Sports clubs and teams are the focal point of development for both young and old athletes. The difference between good and poor can very often lead to substandard development and retention of athletes, thus inhibiting peak performance and losing life time members who turn away from the sport.
Henriksen1 conducted multiple case studies2,3,4 into talent development environments in sport and what makes them success and/ or unsuccessful. Henriksen concluded that each specific environment has eight commonalities which make them successful. This blog post will aim to break each of these eight commonalities down and show how you can introduce them into your club or team.
Commonalities of successful environments
- A Supportive Training Group
Training groups with supportive relationships are evident across each case study conducted by Henriksen. When we think of specific examples here we are often drawn to the Sunday cycling club run or long run in an athletics club throughout the off-season. It is here that many skills are learned, and knowledge is passed down from more experienced members in a relaxed, but sport specific, setting. Creation of a training group allows vicarious reinforcement to take place which effectively means we mimic or duplicate the behaviours for which others are being rewarded or we limit the behaviours for which others are being discouraged. This can range from riding a paceline on a bike effectively to timing of nutrition among many other positives all achieved with minimal coach input.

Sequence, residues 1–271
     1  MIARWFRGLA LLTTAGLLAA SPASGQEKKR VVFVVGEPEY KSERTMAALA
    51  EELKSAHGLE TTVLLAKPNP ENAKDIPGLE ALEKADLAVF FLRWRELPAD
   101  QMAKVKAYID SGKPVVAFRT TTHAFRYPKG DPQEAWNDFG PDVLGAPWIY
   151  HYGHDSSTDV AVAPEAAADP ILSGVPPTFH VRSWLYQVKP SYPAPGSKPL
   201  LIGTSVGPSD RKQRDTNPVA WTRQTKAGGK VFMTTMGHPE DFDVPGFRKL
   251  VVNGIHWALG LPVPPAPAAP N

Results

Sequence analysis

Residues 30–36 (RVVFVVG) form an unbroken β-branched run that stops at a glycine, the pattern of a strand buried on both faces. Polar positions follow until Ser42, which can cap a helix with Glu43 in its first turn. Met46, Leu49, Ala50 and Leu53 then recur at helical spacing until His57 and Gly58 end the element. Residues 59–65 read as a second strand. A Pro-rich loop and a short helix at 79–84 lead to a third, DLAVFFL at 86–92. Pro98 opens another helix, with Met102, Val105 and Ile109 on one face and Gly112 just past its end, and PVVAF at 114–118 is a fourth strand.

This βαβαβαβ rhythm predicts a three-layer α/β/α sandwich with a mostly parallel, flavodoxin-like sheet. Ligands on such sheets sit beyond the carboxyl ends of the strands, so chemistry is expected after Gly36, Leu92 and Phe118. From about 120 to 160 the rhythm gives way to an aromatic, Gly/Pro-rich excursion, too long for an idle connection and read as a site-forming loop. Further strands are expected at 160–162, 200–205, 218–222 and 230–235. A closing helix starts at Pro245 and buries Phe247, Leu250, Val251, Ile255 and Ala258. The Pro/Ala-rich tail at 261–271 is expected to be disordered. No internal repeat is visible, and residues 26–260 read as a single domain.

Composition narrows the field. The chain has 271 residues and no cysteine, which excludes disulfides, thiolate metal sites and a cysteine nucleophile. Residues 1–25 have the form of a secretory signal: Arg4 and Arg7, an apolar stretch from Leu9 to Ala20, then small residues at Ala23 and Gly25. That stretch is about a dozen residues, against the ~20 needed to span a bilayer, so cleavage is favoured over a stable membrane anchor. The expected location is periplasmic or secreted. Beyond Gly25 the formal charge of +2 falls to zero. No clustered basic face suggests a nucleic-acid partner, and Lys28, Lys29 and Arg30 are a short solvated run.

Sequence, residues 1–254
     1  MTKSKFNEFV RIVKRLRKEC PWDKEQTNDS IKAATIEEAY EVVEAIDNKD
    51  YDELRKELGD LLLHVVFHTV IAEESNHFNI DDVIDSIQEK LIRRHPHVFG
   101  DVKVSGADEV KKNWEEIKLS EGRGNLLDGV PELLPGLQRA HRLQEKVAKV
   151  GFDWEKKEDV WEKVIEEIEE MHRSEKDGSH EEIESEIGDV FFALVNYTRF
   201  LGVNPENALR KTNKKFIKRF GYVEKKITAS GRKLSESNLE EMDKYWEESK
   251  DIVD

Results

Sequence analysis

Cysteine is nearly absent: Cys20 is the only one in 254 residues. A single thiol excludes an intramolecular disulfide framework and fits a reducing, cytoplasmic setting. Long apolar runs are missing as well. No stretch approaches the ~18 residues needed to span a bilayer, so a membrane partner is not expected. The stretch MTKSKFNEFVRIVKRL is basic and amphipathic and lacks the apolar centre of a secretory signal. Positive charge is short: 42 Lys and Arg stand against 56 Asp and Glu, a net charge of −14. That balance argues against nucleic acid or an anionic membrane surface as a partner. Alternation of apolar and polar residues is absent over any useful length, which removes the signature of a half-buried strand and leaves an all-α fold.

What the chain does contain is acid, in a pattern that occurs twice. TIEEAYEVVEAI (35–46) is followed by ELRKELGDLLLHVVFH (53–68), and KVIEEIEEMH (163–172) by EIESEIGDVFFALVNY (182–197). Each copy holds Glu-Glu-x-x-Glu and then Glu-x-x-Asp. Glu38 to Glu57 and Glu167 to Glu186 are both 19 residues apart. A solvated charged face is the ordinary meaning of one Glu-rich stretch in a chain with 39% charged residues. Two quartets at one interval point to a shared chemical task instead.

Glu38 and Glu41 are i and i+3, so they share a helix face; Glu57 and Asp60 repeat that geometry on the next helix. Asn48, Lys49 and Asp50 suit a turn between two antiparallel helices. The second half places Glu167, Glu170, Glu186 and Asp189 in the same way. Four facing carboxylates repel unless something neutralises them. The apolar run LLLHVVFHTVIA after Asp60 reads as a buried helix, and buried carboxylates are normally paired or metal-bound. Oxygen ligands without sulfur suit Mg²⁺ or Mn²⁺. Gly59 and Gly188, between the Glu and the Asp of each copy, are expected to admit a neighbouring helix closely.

- Proximal Role Models
In a way proximal role models can be explained in a similar light to the training group. Older more experienced athletes may serve as role models for younger members or beginners in a club or team. We want to create an environment in which the athletes are open and participate in sharing of experiences both negative and positive. This leads to a trickle down of knowledge within the environment. Unfortunately, within team rivalries for selection, differing views etc. can often stunt this growth and development due to knowledge being withheld.
- Support of Goals Under Wider Environment
In Henriksen’s case studies the wider communities support the athletes and their goals, this is evident by schools being willing to facilities the athlete’s pursuit of an athletic career while balancing school work. This is achieved through clear and consistent communication between all parties involved. If this is implemented correctly it allows the athlete to excel in all areas. We may see examples of this in third level education where options are available for distance learning or part time courses. We can also relate this back to the club and team recognizing that school or work in general needs to take priority at key times also and a mutual respect is set up around this.
- Psychological Skills Support
Psychological skills training is used within these environments in an aim to develop the athlete as a “person” rather than just someone who is good at their sport. Skills such as autonomy and responsibility are emphasised. We can implement this ourselves by allowing the athletes to lead or decide a training session, reflect on competition and provide constructive peer-to-peer feedback among many other strategies.
- Training Which Allows Diversification